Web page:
Only time will truly measure the Predators success at the 2008 Entry Draft, but based on the early returns, the work done in Ottawa was decidedly positive. And that's not just the Nashville scouts talking, NHL's Central Scouting and other teams' scouting staffs were buzzing over the haul brought in by the Preds this past weekend.
Nashville walked away from Scotia Bank Place in Ottawa with perhaps the most coveted power-forward in the draft (Colin Wilson
), the most coveted goaltender in the draft (Chet Pickard
), and one of the best European trained prospects (Roman Josi
). And that’s just the team's first three picks.
In the middle and later stages of draft, the Preds worked their draft board. They traded out of fourth round slots to get value rather than reach on prospects who they felt might not be fully worthy of selection that high.
In the fifth through seventh rounds the Preds added a pair of forwards, a defenseman and a goaltender, to finish the draft with strong positional balance: three forwards, two defensemen, and two goaltenders in seven selections.
The fifth and sixth round picks were North American kids both planning on playing US College hockey this winter, a gritty forward with strong leadership potential in Taylor Stefishen (has the skills to be a future captain or alternate captain in Milwaukee and later Nashville) and a shutdown defenseman in Jeff Foss.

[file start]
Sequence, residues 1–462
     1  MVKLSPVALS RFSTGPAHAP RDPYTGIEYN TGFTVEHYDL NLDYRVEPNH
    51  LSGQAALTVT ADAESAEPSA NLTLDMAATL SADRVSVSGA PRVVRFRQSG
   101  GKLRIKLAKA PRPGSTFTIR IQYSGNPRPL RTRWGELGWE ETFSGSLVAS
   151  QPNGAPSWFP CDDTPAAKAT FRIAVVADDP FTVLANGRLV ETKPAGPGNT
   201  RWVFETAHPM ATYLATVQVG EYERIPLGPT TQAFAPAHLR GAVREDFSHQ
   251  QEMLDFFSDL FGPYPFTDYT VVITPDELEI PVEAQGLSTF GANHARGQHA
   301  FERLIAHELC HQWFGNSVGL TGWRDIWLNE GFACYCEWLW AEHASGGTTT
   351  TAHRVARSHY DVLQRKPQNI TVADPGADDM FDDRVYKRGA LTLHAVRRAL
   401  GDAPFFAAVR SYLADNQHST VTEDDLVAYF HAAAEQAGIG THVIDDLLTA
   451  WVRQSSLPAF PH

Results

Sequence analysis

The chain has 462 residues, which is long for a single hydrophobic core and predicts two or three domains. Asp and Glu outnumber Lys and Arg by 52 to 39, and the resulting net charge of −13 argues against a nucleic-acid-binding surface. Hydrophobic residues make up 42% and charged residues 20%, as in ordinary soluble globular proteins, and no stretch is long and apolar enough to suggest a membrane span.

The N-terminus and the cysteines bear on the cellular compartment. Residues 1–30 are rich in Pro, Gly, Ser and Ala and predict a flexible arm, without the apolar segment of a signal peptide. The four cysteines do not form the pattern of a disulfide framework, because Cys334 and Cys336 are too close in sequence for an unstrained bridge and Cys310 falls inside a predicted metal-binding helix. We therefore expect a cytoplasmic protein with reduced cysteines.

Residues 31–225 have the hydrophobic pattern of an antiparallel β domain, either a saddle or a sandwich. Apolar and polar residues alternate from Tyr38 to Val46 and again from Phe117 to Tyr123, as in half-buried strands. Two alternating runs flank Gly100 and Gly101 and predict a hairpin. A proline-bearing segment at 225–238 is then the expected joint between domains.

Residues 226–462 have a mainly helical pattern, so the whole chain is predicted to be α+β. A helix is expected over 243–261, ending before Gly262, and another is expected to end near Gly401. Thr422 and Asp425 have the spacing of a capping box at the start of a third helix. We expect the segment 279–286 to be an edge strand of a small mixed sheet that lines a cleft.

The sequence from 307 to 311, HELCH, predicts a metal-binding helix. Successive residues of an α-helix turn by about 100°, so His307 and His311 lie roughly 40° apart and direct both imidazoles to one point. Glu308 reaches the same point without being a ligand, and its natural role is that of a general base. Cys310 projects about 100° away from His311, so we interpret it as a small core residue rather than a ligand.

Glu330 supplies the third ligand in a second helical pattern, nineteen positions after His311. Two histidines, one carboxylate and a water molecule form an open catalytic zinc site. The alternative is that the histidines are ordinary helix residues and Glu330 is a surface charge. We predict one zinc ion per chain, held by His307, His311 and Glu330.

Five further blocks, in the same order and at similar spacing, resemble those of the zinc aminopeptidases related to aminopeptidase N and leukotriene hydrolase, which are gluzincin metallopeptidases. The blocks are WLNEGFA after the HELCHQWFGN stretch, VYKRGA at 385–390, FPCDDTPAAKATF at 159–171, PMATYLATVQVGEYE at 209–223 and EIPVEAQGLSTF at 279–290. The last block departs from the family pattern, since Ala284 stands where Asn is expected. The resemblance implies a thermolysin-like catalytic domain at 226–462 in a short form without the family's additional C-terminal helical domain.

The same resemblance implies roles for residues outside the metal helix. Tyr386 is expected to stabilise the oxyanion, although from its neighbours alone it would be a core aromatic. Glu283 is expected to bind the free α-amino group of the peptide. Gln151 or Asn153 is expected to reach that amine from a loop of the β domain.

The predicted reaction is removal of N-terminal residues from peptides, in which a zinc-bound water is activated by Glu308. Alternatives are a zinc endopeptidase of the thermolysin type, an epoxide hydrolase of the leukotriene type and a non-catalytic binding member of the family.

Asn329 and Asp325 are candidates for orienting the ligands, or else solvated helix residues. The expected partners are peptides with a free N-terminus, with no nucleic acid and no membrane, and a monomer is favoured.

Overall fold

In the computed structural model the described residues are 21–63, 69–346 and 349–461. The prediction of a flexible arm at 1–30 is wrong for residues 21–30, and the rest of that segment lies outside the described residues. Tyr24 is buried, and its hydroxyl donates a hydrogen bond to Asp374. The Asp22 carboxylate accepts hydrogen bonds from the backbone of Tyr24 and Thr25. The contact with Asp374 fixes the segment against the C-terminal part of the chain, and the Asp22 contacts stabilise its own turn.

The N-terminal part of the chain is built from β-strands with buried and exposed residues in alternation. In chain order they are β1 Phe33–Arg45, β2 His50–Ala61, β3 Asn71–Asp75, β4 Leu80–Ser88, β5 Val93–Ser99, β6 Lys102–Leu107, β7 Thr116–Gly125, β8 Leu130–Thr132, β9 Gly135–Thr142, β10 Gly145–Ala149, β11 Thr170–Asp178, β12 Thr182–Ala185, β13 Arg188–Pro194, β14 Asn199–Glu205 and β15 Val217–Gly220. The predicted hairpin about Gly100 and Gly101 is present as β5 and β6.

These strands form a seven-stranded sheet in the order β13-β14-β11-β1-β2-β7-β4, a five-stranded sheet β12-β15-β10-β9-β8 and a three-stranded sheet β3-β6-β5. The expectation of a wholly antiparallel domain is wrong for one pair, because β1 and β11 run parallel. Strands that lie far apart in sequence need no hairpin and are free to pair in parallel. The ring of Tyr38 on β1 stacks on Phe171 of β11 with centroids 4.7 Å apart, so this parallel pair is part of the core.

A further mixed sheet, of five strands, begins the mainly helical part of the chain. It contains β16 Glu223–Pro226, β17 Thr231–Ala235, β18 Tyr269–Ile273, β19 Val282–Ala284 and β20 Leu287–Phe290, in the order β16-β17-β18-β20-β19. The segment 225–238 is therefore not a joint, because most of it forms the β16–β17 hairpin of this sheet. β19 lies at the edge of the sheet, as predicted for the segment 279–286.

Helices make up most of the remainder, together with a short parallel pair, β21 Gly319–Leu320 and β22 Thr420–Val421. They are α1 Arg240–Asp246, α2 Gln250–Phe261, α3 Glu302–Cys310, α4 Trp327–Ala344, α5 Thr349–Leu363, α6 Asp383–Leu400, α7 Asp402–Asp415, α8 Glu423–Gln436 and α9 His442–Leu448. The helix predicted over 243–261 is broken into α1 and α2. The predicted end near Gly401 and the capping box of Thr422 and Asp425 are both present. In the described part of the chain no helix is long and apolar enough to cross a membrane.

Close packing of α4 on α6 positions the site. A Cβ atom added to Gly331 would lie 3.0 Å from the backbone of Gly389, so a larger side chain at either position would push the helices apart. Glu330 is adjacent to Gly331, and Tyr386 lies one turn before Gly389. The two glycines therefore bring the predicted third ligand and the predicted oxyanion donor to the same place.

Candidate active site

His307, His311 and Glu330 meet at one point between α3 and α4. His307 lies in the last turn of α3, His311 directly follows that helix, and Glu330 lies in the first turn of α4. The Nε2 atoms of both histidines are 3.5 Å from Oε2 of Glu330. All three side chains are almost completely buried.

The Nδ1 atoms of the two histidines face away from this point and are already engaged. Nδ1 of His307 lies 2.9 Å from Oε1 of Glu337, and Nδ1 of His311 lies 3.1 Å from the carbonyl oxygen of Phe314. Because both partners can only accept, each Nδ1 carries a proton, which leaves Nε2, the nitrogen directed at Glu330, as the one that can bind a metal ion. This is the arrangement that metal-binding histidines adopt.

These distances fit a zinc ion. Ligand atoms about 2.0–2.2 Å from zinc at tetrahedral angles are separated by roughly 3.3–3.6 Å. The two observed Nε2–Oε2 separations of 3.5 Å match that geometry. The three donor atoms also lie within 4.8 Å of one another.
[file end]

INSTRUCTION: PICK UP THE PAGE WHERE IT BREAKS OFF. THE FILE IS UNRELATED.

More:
In the seventh round, the Preds went the European route, selecting forward Jani Lajunen
and goaltender Anders Lindback
. Lajunen, a Finnish trained player, was picked at the prodding of Scandinavian scout Janne Kekalainen, the same scout who unearthed Pekka Rinne
and pushed for the signings of then-unheralded Ville Koistinen and Antti Pihlstrom
– all three of whom saw action with the big club in ‘07-08. Lindback was a goaltender the Predators had targeted as a mid-to-late round project. When the draft board was being more seriously defined a month ago, the European scouts were so adamant about his skills that they were pressing for Lindback to be included in the third to fourth round range. However, once Pickard became a reality in the first round, David Poile used his GM’s discretion to plummet the remaining goaltenders on the team’s draft board – not wanting to flood the pipeline too heavily with Rinne still waiting to play his first full NHL season, Mark Dekanich preparing for his pro debut (in Milwaukee), and probable 2009 World Junior Championship starters in Pickard for Team Canada and Jeremy Smith